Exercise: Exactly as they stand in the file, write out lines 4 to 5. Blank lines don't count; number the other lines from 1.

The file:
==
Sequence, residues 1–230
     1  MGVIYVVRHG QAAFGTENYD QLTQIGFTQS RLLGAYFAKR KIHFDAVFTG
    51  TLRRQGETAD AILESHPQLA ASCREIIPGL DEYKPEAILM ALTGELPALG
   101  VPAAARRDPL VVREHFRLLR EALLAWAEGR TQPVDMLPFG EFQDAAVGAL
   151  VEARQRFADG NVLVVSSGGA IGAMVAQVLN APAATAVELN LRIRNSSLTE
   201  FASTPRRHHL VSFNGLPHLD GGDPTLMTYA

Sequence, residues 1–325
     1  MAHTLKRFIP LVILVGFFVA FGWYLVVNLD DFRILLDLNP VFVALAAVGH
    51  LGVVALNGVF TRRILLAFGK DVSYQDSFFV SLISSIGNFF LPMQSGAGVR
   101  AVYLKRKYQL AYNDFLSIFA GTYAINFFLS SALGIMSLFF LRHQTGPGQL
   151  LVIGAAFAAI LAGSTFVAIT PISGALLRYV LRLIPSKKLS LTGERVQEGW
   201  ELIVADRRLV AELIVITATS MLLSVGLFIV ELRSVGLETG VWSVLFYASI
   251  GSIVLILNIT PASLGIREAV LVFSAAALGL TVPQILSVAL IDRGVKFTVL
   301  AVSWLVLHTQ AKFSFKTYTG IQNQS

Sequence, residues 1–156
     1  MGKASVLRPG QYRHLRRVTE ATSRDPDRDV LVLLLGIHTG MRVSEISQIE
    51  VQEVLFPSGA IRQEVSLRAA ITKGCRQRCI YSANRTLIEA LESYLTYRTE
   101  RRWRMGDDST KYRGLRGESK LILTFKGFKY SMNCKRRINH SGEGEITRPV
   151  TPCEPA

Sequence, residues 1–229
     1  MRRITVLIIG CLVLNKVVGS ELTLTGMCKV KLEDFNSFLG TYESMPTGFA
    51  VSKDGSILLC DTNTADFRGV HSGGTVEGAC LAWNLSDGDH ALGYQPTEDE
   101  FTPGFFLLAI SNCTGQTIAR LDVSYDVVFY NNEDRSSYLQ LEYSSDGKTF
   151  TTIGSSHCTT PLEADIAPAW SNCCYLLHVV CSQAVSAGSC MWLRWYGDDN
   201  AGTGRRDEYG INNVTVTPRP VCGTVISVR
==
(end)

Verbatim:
   101  VPAAARRDPL VVREHFRLLR EALLAWAEGR TQPVDMLPFG EFQDAAVGAL
   151  VEARQRFADG NVLVVSSGGA IGAMVAQVLN APAATAVELN LRIRNSSLTE